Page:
Sponge Guide

UNCW National Science Foundation Valdosta State University Universidad Nacional de Colombia

Observed Characteristics:


  • orange
  • orange-yellow


  • massive


  • tough

Sample Locations:

  • Colombia
  • Panama

Dragmaxia undata

Description: Orange-yellow, low mounds to low bushes, with all the surface made of irregular hispid projections, often trapping silt. Size up to about 10 cm wide and 3-5 cm thick. Oscules are scattered and often barely visible, appearing as depressed holes in membranes stretching in between protuberances. Out of the water the pinacoderm collapses and the surface becomes more hispid and irregular. Color orange-yellow to orange. Consistency slightly toughly compressible. Ectosome organic, supported by the ends of ascending spicule tracts and brushes. Skeleton conformed by loosely packed ascending, diverging and interconnecting plumose tracts, 2-5 spicules thick, separated up to 20-300 µm and with many spicules strewn in confusion. Megasclere spicules are long but stout styles, curved to slightly bent twice, with sharp and smooth tips, 620-1010 µm long by 7.5-30 µm thick, thicker towards the beginning of the terminal half of the spicule. Microscleres are abundant hair-like raphides, often packed in bundles (called trichodragmata), up to about 225 µm long.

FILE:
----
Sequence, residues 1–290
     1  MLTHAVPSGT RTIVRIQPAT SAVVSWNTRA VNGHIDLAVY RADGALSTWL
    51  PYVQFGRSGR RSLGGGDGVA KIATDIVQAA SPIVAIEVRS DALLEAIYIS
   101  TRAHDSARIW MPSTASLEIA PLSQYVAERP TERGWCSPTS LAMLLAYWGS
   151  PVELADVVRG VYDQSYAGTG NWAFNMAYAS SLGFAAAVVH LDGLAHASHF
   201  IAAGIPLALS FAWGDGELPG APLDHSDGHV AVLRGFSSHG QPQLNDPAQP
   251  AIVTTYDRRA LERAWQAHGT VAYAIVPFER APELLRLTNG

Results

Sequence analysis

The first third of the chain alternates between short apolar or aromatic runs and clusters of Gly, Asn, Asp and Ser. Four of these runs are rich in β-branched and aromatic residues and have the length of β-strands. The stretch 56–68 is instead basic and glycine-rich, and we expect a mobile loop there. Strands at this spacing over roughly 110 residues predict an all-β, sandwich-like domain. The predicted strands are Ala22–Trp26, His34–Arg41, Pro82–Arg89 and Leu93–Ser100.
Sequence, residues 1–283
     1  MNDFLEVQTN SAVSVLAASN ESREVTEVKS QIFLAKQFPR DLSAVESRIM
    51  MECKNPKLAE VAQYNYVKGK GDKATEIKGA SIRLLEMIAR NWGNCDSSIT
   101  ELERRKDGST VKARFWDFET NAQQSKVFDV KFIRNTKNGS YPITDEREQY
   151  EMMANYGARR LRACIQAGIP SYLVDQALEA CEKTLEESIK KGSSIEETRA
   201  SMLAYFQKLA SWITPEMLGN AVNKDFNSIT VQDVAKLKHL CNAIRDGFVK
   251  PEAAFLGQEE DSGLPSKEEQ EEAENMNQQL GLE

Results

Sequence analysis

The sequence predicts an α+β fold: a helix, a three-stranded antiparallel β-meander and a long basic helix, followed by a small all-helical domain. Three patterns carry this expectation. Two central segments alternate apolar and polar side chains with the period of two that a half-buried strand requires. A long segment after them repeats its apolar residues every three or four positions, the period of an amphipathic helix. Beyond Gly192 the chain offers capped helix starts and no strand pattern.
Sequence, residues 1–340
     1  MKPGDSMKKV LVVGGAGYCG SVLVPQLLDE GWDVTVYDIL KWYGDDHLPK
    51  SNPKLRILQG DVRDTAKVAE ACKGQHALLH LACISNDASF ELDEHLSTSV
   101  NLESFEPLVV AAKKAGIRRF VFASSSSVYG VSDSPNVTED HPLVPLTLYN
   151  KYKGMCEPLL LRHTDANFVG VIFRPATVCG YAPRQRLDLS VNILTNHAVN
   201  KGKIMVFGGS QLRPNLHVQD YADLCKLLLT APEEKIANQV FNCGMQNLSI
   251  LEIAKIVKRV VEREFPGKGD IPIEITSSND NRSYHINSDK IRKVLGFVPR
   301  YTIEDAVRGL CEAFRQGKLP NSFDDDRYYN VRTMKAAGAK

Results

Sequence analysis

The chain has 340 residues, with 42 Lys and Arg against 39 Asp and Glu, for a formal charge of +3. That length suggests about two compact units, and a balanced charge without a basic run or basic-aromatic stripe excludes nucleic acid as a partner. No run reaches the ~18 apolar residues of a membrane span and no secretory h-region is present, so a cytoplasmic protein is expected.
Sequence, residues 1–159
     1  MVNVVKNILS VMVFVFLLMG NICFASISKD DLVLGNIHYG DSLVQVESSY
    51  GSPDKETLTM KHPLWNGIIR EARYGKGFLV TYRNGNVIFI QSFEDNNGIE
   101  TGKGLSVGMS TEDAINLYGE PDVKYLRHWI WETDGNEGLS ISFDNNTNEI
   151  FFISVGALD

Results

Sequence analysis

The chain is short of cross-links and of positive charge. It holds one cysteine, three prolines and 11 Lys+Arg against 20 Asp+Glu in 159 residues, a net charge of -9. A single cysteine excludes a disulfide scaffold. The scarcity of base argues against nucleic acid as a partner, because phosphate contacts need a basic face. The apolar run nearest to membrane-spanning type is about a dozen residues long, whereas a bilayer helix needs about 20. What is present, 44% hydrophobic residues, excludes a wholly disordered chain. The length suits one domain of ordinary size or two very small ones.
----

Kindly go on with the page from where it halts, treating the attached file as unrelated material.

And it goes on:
Notes: This is an open deep reef inhabitant, occasionally also seen in cryptic places. Raphide spicules are reported to be ornamented with spines (Alvarez et al., 1998), but these are not discernible under light microscopy. There are other orange and hispid sponge species that could be confused in the field with this species, such as those depicted here under the genus Auletta, and Dictyonella sp. 2-“with oxea”; besides subtle differences in shape and a tendency towards the orange-yellow color, the stout long styles megascleres and the abundant raphides are characteristic of this species.

Author Reference: Alvarez, van Soest & Rützler, 1998


Link: World Porifera Database